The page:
31Then he took unto him the twelve, and said unto them, Behold, we go up to Jerusalem, and all things that are written by the prophets concerning the Son of man shall be accomplished.

32For he shall be delivered unto the Gentiles, and shall be mocked, and spitefully entreated, and spitted on:

33And they shall scourge him, and put him to death: and the third day he shall rise again.     Luke Chapter 18/31-33 Holy Bible KJV

 

25Then he said unto them, O fools, and slow of heart to believe all that the prophets have spoken:

26Ought not Christ to have suffered these things, and to enter into his glory?

27And beginning at Moses and all the prophets, he expounded unto them in all the scriptures the things concerning himself.     Luke Chapter 24/25-27 Holy Bible KJV

 

28After this, Jesus knowing that all things were now accomplished, that the scripture might be fulfilled, saith, I thirst.

29Now there was set a vessel full of vinegar: and they filled a spunge with vinegar, and put it upon hyssop, and put it to his mouth.

30When Jesus therefore had received the vinegar, he said, It is finished: and he bowed his head, and gave up the ghost.     John Chapter 19/28-30 Holy Bible KJV

 

The Tanakh (Hebrew Bible) consists of a collection of writings dating from approximately the 13th – 3rd centuries BCE. These books were included in the Jewish canon by the Talmudic sages at Yavneh around the end of the first century CE, after the destruction of the Second Temple. However, there are many other Jewish writings from the Second Temple Period which were excluded from the Tanakh; these are known as the Apocrypha and the Pseudepigrapha.

The Apocrypha (Greek, “hidden books”) are Jewish books from that period not preserved in the Tanakh, but included in the Latin (Vulgate) and Greek (Septuagint) Old Testaments. The Apocrypha are still regarded as part of the canon of the Roman Catholic and Orthodox churches, and as such, their number is fixed.

In eleven caves near Qumran north-west of the Dead Sea parts of more than 700 ancient Jewish manuscripts were discovered in 1947. These had been written in the same period as the Apocrypha and Pseudepigrapha, mostly in Hebrew, with a lesser number in Aramaic and even fewer in Greek. The Dead Sea Scrolls, as they came to be known, are assumed to have been the library of a sectarian community at Qumran.

The Great Isaiah Scroll (1QIsaa) is one of the original seven Dead Sea Scrolls discovered in Qumran in 1947. It is the largest (734 cm) and best preserved of all the biblical scrolls, and the only one that is almost complete. The 54 columns contain all 66 chapters of the Hebrew version of the biblical Book of Isaiah. Dating from ca. 125 BCE, it is also one of the oldest of the Dead Sea Scrolls, some one thousand years older than the oldest manuscripts of the Hebrew Bible known to us before the scrolls’ discovery.

The version of the text is generally in agreement with the traditional version codified in medieval codices, but it contains many variant readings, alternative spellings, scribal errors, and corrections. Around twenty additional copies of the Book of Isaiah were also found at Qumran.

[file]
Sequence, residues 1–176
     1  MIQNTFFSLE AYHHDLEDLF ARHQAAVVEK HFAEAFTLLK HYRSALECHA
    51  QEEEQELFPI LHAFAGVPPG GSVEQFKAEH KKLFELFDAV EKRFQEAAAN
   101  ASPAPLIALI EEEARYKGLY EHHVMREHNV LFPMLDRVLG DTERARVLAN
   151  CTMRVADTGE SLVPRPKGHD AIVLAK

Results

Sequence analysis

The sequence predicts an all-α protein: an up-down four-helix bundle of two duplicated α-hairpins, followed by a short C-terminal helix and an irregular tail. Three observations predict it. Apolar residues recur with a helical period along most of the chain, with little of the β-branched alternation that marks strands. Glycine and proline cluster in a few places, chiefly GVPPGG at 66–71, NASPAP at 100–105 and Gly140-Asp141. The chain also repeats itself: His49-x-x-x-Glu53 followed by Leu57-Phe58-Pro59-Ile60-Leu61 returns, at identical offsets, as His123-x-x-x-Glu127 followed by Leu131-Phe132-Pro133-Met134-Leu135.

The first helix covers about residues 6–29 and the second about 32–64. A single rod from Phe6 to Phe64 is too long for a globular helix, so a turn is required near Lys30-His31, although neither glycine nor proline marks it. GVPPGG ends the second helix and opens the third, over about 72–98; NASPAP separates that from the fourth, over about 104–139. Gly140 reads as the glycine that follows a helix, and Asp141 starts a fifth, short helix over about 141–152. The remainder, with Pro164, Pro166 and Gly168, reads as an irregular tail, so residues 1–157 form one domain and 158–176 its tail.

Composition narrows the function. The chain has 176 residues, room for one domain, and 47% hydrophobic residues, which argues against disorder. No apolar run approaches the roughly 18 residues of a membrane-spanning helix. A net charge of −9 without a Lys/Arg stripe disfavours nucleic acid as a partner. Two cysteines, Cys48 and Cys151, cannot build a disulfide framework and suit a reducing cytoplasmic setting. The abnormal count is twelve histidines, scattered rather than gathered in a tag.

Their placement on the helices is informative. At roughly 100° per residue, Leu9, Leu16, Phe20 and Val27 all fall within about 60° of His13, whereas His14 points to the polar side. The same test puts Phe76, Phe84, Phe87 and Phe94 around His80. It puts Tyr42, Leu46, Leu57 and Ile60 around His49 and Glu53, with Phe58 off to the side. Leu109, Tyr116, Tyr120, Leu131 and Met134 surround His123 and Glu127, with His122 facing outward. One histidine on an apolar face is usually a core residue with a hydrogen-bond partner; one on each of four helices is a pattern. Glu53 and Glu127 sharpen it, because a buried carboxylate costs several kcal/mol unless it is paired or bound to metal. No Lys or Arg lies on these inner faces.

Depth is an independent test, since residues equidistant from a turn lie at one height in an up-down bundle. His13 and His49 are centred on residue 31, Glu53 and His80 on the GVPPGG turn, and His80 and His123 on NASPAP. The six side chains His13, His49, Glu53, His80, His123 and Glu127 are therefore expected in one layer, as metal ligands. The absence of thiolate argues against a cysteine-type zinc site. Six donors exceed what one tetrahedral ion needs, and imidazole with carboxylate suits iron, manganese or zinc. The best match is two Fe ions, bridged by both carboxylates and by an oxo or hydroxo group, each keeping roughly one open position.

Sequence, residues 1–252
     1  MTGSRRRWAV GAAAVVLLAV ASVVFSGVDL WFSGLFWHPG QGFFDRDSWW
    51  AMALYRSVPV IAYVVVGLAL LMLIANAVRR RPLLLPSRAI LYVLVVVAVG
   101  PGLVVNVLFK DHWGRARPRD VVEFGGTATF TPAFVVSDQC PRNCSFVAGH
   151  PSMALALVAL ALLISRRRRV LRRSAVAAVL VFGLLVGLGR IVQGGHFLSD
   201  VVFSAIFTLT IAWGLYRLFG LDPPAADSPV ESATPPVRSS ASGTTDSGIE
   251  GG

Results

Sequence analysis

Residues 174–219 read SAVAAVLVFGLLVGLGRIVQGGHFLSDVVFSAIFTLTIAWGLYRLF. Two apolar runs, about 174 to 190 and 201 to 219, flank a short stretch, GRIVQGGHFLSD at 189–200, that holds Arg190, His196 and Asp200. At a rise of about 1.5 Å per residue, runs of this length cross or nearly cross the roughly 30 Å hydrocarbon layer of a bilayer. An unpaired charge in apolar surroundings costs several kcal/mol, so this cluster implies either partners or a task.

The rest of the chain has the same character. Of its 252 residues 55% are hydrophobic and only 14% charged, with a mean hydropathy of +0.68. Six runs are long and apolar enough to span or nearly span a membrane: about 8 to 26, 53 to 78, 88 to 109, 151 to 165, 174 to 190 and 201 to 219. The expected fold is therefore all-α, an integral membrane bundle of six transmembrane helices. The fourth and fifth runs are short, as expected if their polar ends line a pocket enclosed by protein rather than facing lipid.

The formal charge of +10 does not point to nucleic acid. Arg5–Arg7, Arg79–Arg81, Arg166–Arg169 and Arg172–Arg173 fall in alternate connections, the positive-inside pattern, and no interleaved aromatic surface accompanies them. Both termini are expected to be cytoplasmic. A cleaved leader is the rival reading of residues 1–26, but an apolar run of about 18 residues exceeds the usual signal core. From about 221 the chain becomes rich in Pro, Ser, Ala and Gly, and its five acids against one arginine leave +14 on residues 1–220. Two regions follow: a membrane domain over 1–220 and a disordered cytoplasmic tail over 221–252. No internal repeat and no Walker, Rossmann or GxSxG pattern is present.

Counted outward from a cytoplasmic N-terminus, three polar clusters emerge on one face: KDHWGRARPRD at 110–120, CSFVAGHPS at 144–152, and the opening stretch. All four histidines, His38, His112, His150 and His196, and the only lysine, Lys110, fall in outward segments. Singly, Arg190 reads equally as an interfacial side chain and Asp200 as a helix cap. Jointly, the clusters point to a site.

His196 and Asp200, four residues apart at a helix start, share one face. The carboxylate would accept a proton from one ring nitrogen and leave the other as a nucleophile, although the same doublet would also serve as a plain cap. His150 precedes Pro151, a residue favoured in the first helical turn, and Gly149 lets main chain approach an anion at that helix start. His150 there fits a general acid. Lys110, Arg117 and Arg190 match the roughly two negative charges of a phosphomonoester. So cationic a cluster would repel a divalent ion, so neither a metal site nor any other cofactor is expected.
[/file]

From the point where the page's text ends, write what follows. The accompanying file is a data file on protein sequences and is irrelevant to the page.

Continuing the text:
From: Jewish Holy Scriptures: The Apocrypha and Pseudepigrapha; Jewishvirtuallibrary.org (edited).

 

9Purge me with hyssop till I am pure;
wash me till I am whiter than snow.

Rashi: Purify me with a hyssop: As one purifies the “mezora” (one being diseased) and the one who became unclean through contact with a corpse.

Keith: Purge me with hyssop: Cleanse me of the sins of my breath and mouth.

From: Psalm 51, with Commentary by Rashi and Keith.

 

Commentary:

The Tanakh, Great Scroll of Isaiah, Apocrypha and the Pseudepigrapha are all of the possible scripture that Jesus could be referencing and not one Book mentions a son of man (which means a person of mankind, Jewish and gentile), the righteous servant of Isaiah 53, a son of G-d, a man who is G-d or any other man to be delivered to the gentiles, mocked, scourged and put to death.

“Jesus knowing that all things were now accomplished, that the scripture might be fulfilled, saith, I thirst. Now there was set a vessel full of vinegar: and they filled a spunge with vinegar, and put it upon hyssop, and put it to his mouth. When Jesus therefore had received the vinegar, he said, It is finished: and he bowed his head, and gave up the ghost.”

Rashi: Purify me with a hyssop: As one purifies the “mezora” (one being diseased) and the one who became unclean through contact with a corpse.

Keith: Purge me with hyssop: Cleanse me of the sins of my breath and mouth.

Jesus knowing that all things were now accomplished, that the scripture might be fulfilled, saith, I thirst. He is given vinegar upon hyssop and Jesus says it is finished.

Not one book of scripture mentions a son of man, the righteous servant of Isaiah 53, a son of G-d, a man who is G-d or any other man who satisfies a prophecy by saying I thirst and is given vinegar upon hyssop. There is a story with King David being thirsty and in Psalm 51 he prays to be purified with hyssop but they are not prophecy.

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